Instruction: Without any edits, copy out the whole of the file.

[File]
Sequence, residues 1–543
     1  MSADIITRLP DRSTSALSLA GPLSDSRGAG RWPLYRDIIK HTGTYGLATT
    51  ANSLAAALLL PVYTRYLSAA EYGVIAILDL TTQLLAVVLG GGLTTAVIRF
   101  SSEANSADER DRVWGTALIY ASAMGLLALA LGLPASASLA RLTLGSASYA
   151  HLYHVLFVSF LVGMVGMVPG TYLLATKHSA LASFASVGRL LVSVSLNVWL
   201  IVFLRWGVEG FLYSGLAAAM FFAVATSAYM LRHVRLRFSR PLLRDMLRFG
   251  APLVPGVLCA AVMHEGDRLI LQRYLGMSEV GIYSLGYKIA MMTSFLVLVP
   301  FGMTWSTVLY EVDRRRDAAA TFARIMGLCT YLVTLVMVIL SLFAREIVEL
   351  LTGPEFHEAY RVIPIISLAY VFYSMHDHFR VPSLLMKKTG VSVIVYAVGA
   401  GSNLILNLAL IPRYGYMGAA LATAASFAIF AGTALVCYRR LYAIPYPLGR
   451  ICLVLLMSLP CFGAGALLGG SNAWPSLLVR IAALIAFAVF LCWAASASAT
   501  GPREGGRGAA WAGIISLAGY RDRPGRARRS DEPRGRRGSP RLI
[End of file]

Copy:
Sequence, residues 1–543
     1  MSADIITRLP DRSTSALSLA GPLSDSRGAG RWPLYRDIIK HTGTYGLATT
    51  ANSLAAALLL PVYTRYLSAA EYGVIAILDL TTQLLAVVLG GGLTTAVIRF
   101  SSEANSADER DRVWGTALIY ASAMGLLALA LGLPASASLA RLTLGSASYA
   151  HLYHVLFVSF LVGMVGMVPG TYLLATKHSA LASFASVGRL LVSVSLNVWL
   201  IVFLRWGVEG FLYSGLAAAM FFAVATSAYM LRHVRLRFSR PLLRDMLRFG
   251  APLVPGVLCA AVMHEGDRLI LQRYLGMSEV GIYSLGYKIA MMTSFLVLVP
   301  FGMTWSTVLY EVDRRRDAAA TFARIMGLCT YLVTLVMVIL SLFAREIVEL
   351  LTGPEFHEAY RVIPIISLAY VFYSMHDHFR VPSLLMKKTG VSVIVYAVGA
   401  GSNLILNLAL IPRYGYMGAA LATAASFAIF AGTALVCYRR LYAIPYPLGR
   451  ICLVLLMSLP CFGAGALLGG SNAWPSLLVR IAALIAFAVF LCWAASASAT
   501  GPREGGRGAA WAGIISLAGY RDRPGRARRS DEPRGRRGSP RLI